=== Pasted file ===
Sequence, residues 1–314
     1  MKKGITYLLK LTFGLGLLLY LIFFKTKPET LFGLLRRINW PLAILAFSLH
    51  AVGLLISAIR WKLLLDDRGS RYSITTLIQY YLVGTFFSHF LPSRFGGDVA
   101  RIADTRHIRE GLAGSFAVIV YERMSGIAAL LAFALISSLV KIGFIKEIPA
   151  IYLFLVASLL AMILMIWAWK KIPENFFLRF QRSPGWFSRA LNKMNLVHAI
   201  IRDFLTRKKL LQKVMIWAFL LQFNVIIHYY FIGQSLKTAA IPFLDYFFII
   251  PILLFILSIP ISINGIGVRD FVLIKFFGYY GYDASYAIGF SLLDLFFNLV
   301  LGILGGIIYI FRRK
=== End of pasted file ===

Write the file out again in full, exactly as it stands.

Sequence, residues 1–314
     1  MKKGITYLLK LTFGLGLLLY LIFFKTKPET LFGLLRRINW PLAILAFSLH
    51  AVGLLISAIR WKLLLDDRGS RYSITTLIQY YLVGTFFSHF LPSRFGGDVA
   101  RIADTRHIRE GLAGSFAVIV YERMSGIAAL LAFALISSLV KIGFIKEIPA
   151  IYLFLVASLL AMILMIWAWK KIPENFFLRF QRSPGWFSRA LNKMNLVHAI
   201  IRDFLTRKKL LQKVMIWAFL LQFNVIIHYY FIGQSLKTAA IPFLDYFFII
   251  PILLFILSIP ISINGIGVRD FVLIKFFGYY GYDASYAIGF SLLDLFFNLV
   301  LGILGGIIYI FRRK